As with the flower motif, pumpkins have recurred throughout her work from early Nihonga paintings in her late teens. She says that she “was enchanted by their charming and winsome form… its solid spiritual balance.” In the Louis Vuitton collection, the pumpkin sculptures are transformed into sweet little bags and keying chains.

Fear of phallus fashion

Fashion, art and psychological obsession are again evident when she uses repeated phallic symbols as a way to work through her associated fears. In the image below, the phallus-filled cream-coloured shoes evoke a nightmarish wedding. In a similar style of repetition she created macaroni pants which illustrated her disgust of overeating and the mass-produced American food which contrasted with post-war Japan austerity. Sex and food seem inextricably linked to the fashion industry with its commodification of the former and the perfect female body starved of food, not through economic dependency, but desire for an idealised shape.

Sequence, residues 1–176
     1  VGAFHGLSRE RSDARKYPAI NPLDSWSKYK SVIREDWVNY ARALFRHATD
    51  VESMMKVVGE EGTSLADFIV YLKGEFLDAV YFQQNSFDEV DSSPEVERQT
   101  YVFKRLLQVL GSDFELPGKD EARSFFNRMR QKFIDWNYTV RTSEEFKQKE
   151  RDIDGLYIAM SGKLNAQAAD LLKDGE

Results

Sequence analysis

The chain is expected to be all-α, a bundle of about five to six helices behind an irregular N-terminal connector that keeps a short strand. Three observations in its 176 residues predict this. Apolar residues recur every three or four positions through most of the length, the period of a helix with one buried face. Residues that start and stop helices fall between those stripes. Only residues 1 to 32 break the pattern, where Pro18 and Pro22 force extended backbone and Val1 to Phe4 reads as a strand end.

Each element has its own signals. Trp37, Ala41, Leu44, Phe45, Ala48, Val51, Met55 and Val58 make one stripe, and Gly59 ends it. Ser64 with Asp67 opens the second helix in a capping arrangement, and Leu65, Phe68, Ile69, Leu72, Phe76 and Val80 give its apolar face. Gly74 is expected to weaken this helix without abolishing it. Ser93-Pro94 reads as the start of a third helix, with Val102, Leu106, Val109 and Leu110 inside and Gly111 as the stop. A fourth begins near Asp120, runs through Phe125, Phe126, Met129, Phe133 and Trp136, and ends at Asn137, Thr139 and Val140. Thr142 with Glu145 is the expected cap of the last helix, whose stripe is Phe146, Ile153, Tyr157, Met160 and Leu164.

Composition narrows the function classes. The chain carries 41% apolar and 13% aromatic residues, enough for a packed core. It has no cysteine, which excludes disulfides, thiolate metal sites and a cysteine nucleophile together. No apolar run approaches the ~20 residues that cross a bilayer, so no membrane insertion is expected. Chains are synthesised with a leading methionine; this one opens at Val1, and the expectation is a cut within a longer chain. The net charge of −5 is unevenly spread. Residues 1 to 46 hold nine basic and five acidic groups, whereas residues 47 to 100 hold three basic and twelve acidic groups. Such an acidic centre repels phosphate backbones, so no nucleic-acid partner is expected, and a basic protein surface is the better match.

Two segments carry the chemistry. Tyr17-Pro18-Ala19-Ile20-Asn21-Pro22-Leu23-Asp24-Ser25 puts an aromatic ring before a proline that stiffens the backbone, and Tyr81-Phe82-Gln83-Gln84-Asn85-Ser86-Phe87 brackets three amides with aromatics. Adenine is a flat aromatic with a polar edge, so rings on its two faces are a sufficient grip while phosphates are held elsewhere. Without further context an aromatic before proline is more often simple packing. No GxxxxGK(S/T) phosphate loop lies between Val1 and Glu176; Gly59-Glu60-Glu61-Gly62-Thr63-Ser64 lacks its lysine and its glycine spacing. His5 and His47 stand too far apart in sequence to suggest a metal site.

Kusama Fashion Company

This critique of mass-production becomes mass-produced as fashion albeit luxe fashion in the phallic tentacle shapes in the Louis Vuitton window display.

Kusama phallic window display

Get Kusama fashion inspiration

If like me, you only look at designer fashion and prefer to buy vintage, it’s still easy to join the fashion dots with one piece. In fact, if you make clothes, cutting out a circle or two in a summer dress (I don’t recommend in the breast or bottom) could look striking. However, perhaps it’s more “Kusama” to find your own statement “dots”. Here’s footage from one of Kusama’s happenings which almost parodies itself but contains beautiful images including one of the artist on a horse covered in dots.

What do you think about the Kusama and the Louis Vuitton collaboration? Please share your thoughts.